by Scholten A

Bicycle Safety Tips

IMAGE Biking is a great way to exercise, and explore the trails or a long country road. It is also an easy way to get around town or commute to work. No matter what your reason is, make sure you know how to stay safe while you're on two wheels.
Common bicycle-related accidents are due to:
  • Collision with a car or another bicycle
  • Loss of control because of a number of factors, including:
    • Difficulty in braking
    • Riding too large a bike
    • Riding too fast
    • Riding double
    • Striking a rut, bump, or obstacle
    • Riding on slippery surfaces
    • Attempting to do stunts
  • Mechanical and structural problems including:
    • Brake failure
    • Wobbling or disengagement of the wheel or steering mechanism
    • Difficulty shifting gears
    • Chain slippage
    • Pedals falling off
    • Spoke breakage
    • Flat tire
  • Entanglement of feet, hands, or clothing in the bicycle
  • Foot slippage from pedal
  • Difficulty getting out of clips or toe cages
Most of these accidents can be avoided with proper bike selection, use, and care. Consider the following safety tips when shopping for a new bike or taking care of an old one.

Selecting the Bicycle

There are several factors to consider when you buy a bicycle. If you haven't bought one before, consider going to a professional bicycle shop to get sound advice, look over the selection, and see what is available for accessories. Here are some other tips:
  • If you are buying a bicycle for a child, choose one to fit the child's size today. Most bicycles can be adjusted as your child grows.
  • A bicycle should suit the rider's ability and kind of riding.
  • Check hand and foot brakes for fast, easy stops without instability or jamming.
  • Avoid slippery plastic pedals. Look instead for rubber-treated pedals, or metal pedals with serrated rat-trap edges or with firmly attached toe clips.
  • Make sure the bike fits your body. Ask for professional help if you are not sure how to choose the proper size and type of a bike.

Using the Bicycle

Knowing how to use a bicycle is just as important as picking one out. Follow this advice before jumping on your bicycle:
  • Always wear a helmet to help prevent head injuries.
  • Never use just your front (right) brake, it may cause you to flip over the handle bars.
  • Observe all traffic laws and signals, just as if you were driving a car.
  • Do not attempt stunts.
  • Learn about the specific laws for bicyclists in your state. In the United States, bicycles are considered vehicles and have all the same rights and responsibilities as other motorists.
  • Find alternate routes, rather than ride through busy intersections and heavy or high-speed traffic. Especially, avoid roads with high truck traffic.
  • Avoid riding in wet or icy weather. When wet, hand brakes may require a long distance to stop.
  • Avoid riding in the dark. If you do, be sure the bike is equipped with a headlight, a taillight, and reflectors. Apply retro-reflective trim to clothing or wear reflective vests and jackets. Flashing lights may give you extra visibility.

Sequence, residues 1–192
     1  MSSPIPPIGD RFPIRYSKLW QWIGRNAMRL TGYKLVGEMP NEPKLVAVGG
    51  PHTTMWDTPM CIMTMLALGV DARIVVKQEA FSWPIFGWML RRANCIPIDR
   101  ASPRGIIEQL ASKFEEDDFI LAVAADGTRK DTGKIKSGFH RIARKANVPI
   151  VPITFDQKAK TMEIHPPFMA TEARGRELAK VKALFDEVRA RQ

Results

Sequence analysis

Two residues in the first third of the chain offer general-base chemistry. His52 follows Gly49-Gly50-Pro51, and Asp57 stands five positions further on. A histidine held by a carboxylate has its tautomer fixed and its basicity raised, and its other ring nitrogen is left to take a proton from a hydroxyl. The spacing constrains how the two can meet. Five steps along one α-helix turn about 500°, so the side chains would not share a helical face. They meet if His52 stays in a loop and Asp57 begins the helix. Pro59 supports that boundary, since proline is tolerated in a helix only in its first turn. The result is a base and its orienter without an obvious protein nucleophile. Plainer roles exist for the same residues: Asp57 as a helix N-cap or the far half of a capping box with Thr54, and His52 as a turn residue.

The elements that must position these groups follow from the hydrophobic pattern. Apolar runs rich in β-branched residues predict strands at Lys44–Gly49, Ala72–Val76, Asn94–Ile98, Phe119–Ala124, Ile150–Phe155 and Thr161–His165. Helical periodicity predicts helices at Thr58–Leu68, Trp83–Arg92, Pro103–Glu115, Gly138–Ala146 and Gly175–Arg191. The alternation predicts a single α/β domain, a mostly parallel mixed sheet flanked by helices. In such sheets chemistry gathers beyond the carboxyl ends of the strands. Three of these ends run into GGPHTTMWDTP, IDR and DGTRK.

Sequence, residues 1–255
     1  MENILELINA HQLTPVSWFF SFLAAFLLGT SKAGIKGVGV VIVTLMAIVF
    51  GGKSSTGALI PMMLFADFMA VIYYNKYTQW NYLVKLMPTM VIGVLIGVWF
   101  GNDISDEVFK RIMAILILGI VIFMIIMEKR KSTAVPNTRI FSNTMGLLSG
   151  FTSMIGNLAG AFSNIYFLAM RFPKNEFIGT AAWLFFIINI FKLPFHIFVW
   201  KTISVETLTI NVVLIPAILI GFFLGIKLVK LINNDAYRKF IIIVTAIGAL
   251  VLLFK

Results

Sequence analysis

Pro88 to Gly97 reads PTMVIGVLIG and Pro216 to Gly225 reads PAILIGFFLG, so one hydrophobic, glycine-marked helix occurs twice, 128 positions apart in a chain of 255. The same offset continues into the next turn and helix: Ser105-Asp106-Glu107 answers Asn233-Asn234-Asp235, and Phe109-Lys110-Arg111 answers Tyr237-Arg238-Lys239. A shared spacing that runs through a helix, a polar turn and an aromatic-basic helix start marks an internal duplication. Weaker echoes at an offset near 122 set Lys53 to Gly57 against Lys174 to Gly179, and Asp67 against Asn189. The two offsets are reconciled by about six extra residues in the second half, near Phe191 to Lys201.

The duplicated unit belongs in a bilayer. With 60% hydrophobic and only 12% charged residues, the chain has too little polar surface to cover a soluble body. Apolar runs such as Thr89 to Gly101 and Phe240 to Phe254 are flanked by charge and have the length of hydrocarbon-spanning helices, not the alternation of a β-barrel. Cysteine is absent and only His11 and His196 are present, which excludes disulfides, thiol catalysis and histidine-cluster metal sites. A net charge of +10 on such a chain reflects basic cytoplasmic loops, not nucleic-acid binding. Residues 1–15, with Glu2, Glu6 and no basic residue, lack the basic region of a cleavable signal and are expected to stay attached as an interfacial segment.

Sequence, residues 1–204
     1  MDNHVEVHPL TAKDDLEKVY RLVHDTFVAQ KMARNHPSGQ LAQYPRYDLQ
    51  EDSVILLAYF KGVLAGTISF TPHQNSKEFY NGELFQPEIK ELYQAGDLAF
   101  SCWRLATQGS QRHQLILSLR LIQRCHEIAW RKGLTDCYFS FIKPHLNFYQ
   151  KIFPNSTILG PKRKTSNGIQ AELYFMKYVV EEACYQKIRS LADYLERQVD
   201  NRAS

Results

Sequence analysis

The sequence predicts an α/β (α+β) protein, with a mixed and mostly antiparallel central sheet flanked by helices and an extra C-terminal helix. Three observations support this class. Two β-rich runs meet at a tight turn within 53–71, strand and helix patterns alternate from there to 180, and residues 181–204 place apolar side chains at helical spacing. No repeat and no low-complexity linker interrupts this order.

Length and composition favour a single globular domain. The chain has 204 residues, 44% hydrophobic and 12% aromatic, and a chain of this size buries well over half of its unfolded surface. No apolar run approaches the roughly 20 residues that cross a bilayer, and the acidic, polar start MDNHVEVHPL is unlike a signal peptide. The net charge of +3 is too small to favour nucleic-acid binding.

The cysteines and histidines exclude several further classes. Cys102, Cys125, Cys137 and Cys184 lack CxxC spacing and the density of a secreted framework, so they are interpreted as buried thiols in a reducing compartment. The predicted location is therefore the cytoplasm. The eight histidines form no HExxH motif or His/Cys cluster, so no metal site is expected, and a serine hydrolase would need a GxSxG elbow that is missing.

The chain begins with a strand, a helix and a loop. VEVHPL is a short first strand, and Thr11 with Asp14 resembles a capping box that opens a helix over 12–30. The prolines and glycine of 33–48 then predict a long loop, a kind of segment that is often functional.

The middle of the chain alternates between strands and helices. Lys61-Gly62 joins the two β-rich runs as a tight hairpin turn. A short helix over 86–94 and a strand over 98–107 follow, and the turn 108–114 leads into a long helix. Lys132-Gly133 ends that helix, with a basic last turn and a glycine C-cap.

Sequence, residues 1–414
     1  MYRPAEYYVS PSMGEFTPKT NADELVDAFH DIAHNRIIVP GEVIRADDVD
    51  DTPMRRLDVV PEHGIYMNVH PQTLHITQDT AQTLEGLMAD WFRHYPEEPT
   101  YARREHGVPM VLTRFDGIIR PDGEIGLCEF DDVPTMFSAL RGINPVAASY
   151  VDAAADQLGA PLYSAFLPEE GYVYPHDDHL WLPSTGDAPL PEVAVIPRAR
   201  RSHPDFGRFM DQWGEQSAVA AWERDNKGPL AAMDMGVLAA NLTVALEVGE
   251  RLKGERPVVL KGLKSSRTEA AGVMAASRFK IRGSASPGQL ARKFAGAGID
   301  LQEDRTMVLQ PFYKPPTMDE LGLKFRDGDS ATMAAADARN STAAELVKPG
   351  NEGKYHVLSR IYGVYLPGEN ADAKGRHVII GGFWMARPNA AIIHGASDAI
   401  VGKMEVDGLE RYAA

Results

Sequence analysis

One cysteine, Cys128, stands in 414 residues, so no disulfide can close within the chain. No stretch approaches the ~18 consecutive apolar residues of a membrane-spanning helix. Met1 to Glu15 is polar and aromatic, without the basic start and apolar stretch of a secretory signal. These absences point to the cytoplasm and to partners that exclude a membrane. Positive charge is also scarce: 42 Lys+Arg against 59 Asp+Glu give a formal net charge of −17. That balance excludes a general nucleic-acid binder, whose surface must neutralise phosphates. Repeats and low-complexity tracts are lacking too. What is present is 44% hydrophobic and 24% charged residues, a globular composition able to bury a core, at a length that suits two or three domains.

• Avoid loose clothing or long coats that can catch in pedals, gears, or wheels. Use leg clips or bands to keep pant legs from tangling in the chain.
  • Avoid crossing raised sewer grates.
  • Dress appropriately for the weather.
  • Avoid eating large meals prior to biking. Have a high-calorie snack with you, especially when planning long rides, to prevent hypoglycemia .
  • Always have a bottle of water with you.
  • Carry a cell phone with you. You never know when you may need it.
  • Have some basic bicycle repair tools with you.
  • Do not impair your hearing with headphones or earbuds.

Maintaining the Bicycle

Regular maintenance is essential for safe riding. Refer to the owner's manual for the manufacturer's recommendations. Have an experienced repair technician do complicated work. This is especially important if your bicycle has been sitting idle for several weeks.
  • Align wobbly wheels for better control. Spokes also may need adjustment.
  • Replace all missing, damaged, or worn parts. Examples include: brake pads, chain guards, chain links, spokes, screws, bolts, and handlebar grips.
  • Tighten and/or adjust loose parts.
  • Before each ride, inspect breaks, tires, frame, fork, spindles, and other components for cracking.
  • Parts should be adjusted to manufacturer's torque specifications.
  • Inflate tires to recommended pressure, and replace worn tires.
  • Lightly oil and clean moving parts. Keep oil off rubber.
  • Keep your bicycle indoors when not in use. Moisture may cause rust and weaken metal parts.

RESOURCES

Pedestrian and Bicycle Information Center http://www.bicyclinginfo.org

League of American Bicyclists http://www.bikeleague.org

CANADIAN RESOURCES

Canada's Safety Council http://www.safety-council.org/

Recreational Safety Government of Canada http://www.safecanada.ca

References

Head injuries and bicycle safety. Centers for Disease Control and Prevention website. Available at: http://www.cdc.gov/healthcommunication/ToolsTemplates/EntertainmentEd/Tips/HeadInjuries.html. Updated March 18, 2013. Accessed January 15, 2014.

Kids and bicycle safety. National Highway Traffic Safety Administration website. Available at: http://www.nhtsa.gov/people/injury/pedbimot/bike/kidsandbikesafetyweb/index.htm. Accessed January 15, 2014.

State Bike Laws. The League of American Bicyclists. Available at: http://www.bikeleague.org/content/state-bike-laws-0. Accessed January 15, 2014.

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